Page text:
Garland, Haley, and Bolger in Tinman scene

While shooting, an ordinary dinner turned into a terrifying episode as Ebsen started struggling to breathe. It later turned out that the actor had inhaled the aluminum powder, which led to him spending two weeks in an oxygen tent. Unfortunately, Ebsen did not recover quickly enough for producer Mervyn LeRoy’s liking, so the role was handed over to Jack Haley, whose makeup included an aluminum paste instead of a powder. This way, Haley wouldn’t be able to breathe in the hazardous substance being slathered all over his face. Ebsen, on the other hand, would continue to suffer from breathing problems for the rest of his life.

The Munchkin Controversies

As with most productions, there are many disputes and speculations that make it difficult for historians to separate fact from fiction. Rumors emerged about raucous behavior during production, with tales of Munchkin actors allegedly causing trouble on set. One particularly infamous tale centered on an alleged wild party thrown by the Munchkin actors in their hotel, complete with drunken revelry and debauchery. Of course, this could be an exaggeration of their behavior, mistaking their close-knit community dynamic with something more debaucherous. However, according to Judy Garland’s ex-husband, Sid Luft, she alleged that a number of men playing Munchkins “groped” her between takes, which added to the grim outlook of the atmosphere on set.

Three Munchkins singing

Another controversy arose around the treatment of the Munchkin actors during their time on set. It was widely believed that they were exploited and poorly compensated, facing demeaning treatment from certain crew members. This perception further fueled the intrigue surrounding the film’s production. As the years passed, efforts were made to shed light on the reality of their experiences. While some Munchkin actors did face challenges and unequal treatment, others later spoke out to affirm their fond memories of the set and the camaraderie they shared.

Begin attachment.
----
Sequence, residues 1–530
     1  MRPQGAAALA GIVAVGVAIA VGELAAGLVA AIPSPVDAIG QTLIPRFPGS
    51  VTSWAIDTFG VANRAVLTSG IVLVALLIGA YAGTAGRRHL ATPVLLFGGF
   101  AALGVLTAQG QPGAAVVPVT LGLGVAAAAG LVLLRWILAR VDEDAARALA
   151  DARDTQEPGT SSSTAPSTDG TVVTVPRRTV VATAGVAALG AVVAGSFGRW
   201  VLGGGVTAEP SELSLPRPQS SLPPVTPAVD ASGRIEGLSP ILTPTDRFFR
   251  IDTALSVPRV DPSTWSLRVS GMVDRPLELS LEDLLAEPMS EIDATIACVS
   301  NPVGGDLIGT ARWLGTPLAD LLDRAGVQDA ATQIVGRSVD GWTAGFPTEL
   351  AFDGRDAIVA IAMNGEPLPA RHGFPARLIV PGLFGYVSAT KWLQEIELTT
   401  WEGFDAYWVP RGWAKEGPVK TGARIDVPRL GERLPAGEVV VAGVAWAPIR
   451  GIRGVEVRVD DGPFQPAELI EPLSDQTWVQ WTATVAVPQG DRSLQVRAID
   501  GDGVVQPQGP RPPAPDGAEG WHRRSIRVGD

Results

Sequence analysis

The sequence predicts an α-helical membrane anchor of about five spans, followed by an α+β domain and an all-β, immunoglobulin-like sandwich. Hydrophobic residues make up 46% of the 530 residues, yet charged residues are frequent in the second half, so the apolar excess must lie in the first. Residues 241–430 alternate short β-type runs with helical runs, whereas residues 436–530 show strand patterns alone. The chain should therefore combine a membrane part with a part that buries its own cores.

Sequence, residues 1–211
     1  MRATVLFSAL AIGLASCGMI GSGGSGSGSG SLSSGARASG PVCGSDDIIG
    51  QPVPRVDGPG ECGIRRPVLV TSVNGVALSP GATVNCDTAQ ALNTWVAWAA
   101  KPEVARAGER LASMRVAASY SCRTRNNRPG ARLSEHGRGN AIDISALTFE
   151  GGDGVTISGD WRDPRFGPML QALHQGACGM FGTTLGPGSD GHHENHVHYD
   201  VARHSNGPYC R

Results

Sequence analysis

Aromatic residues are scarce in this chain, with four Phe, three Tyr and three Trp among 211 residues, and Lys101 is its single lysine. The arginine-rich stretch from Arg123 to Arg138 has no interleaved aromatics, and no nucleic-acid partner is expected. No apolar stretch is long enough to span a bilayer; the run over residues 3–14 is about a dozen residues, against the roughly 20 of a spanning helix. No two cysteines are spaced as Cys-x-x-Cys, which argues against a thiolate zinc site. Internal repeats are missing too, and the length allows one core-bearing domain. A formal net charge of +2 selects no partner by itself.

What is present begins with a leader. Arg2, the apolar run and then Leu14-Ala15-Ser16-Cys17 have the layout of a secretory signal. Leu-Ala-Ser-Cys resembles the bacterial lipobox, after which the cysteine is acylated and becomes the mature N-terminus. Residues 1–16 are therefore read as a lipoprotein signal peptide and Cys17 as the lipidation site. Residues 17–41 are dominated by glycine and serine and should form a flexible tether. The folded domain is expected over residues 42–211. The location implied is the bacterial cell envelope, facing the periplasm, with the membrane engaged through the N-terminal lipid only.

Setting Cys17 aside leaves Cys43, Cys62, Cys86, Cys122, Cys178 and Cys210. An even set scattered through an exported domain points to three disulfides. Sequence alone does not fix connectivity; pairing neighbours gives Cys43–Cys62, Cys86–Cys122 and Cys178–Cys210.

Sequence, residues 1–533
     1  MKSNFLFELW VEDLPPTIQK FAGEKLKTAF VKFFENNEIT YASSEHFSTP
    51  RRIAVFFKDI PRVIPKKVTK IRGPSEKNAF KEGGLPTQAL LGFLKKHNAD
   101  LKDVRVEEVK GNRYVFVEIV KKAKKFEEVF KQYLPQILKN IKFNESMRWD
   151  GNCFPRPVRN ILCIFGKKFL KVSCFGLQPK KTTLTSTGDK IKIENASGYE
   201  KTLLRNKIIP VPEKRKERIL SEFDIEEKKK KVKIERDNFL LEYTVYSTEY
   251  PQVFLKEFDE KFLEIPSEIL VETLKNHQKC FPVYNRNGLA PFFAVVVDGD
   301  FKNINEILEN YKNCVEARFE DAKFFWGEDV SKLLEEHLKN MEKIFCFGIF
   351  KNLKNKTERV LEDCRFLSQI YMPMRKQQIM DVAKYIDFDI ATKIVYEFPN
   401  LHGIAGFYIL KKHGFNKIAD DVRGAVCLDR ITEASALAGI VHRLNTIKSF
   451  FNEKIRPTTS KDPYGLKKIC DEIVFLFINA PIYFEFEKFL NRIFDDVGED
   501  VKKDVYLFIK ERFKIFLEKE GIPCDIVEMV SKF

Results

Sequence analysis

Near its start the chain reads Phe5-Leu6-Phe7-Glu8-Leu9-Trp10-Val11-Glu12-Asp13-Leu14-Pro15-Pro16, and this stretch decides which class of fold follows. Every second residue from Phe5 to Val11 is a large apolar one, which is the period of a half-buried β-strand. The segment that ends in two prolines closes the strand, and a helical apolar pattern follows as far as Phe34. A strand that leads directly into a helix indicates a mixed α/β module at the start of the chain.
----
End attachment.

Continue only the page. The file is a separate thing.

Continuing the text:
Hazardous Special Effects

The groundbreaking special effects that brought Oz to life also placed actors in dangerous situations. Another chilling chapter in the behind-the-scenes history of this film is the tragic fire incident that engulfed Margaret Hamilton, the actress who portrayed the iconic Wicked Witch of the West, and her stunt double, Betty Danko. The unsettling incident occurred during the filming of the witch’s dramatic exit from Munchkinland when her character vanishes in a cloud of smoke and fire. What was meant to be a thrilling special effect took an unexpected turn, resulting in a blaze that severely burned both Hamilton and her stunt double.

Margaret Hamilton the Wicked Witch of the West

The circumstances leading up to the accident were a distressing combination of factors, including the use of copper-based chemicals for the green makeup that covered Hamilton’s skin, as well as the flammable nature of the witch’s costume. As the pyrotechnic effect was triggered, the fire erupted with a ferocity that was beyond anyone’s anticipation. Hamilton’s quick thinking allowed her to escape the flames, but she suffered second-degree burns on her face and hand. Danko, who had also been sent to the hospital, would suffer from permanent leg scarring. While the aftermath prompted a reevaluation of safety protocols on set, it also showcased a disregard for the well-being of the performers.

The Wizard of Oz may have dazzled audiences with its enchanting narrative, but the hidden stories of hardship, abuse, and exploitation that lurk behind the scenes paint a grim portrait of Hollywood’s upbringing. By shedding light on these disturbing truths, we shed some light on the victims of this dark chapter in cinematic history and prompt a sober reflection on the price paid for our dear entertainment.

For more Bookstr content, check out the main page here!